SEATTLE - The power of air is helping the Washington Department of Fish and Wildlife (WDFW) get closer to oil spills.
The WDFW purchased an airboat with a grant from the Department of Ecology so crews can better respond to oil spills. The boat also allows them to have better access to hard-to-reach areas for their aquatic weed management program.
An airboat has a flat bottom and moves by a large, caged propeller on the back of the boat so it can operate even in areas with little to no water at all.
“This is solving two problems at once,” said Darcy Bird, oil spill preparedness planner for the Department of Ecology. “Fish and Wildlife needed an airboat, and we need airboat capability in the event of an oil spill. This helps both our departments.”
The airboat can rapidly move staff to areas that are difficult to access for spill responses so they can do site assessments, sampling efforts, and wildlife operations, Ecology said.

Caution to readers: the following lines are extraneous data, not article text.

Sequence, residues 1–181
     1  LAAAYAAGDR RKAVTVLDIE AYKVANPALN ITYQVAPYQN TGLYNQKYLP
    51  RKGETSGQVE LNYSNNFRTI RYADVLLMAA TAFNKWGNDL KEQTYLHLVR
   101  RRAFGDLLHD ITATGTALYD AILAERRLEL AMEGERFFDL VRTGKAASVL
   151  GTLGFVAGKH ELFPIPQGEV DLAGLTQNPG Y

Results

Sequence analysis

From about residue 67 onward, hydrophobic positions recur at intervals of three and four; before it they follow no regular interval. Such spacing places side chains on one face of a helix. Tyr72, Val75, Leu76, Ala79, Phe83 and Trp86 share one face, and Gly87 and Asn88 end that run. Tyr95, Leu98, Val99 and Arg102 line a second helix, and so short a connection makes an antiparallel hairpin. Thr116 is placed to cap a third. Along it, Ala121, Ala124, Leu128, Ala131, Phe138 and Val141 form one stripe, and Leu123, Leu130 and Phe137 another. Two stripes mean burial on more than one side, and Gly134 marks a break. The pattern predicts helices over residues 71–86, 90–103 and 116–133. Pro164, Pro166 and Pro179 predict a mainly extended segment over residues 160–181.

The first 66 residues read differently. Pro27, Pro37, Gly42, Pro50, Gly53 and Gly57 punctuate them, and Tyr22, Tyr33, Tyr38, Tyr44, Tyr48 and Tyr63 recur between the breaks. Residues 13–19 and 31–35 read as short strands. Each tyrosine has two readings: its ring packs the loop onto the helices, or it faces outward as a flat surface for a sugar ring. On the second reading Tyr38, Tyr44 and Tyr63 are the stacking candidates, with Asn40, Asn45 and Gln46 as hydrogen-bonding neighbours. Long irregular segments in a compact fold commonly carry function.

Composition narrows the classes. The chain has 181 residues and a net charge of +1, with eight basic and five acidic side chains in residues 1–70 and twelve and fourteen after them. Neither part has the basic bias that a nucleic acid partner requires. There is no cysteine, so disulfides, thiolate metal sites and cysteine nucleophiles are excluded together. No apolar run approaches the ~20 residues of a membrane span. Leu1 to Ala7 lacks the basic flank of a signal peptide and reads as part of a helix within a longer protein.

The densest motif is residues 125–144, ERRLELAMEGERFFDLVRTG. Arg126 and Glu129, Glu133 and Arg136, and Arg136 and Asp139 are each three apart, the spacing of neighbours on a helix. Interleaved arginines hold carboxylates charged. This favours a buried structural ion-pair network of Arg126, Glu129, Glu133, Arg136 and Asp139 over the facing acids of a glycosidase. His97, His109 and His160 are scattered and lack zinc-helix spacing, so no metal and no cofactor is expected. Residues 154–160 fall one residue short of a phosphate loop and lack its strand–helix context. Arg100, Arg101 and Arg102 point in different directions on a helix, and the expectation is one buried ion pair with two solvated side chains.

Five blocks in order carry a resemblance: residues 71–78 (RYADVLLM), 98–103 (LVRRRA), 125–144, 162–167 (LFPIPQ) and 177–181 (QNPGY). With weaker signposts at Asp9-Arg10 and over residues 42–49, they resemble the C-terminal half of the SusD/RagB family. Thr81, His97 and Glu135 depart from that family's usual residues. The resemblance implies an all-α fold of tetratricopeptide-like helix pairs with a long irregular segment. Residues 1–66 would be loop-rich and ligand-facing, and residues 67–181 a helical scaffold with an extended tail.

With the airboat, the WDFW oil spill team can develop strategies tailored to specific areas that are at risk.
The airboat was used at the end of July to evaluate areas around Samish Bay. Ecology said the area “has a number of sensitive resources that may need protection during an oil spill.”
“Samish Bay is so unique,” Bird said. "I’ve never had the opportunity to see eelgrass beds that closely.”
You can’t go into eelgrass beds with a typical boat because the boat’s propeller would get damaged along with harming the eelgrass bed.
“The airboat glides over everything effortlessly,” said Bird.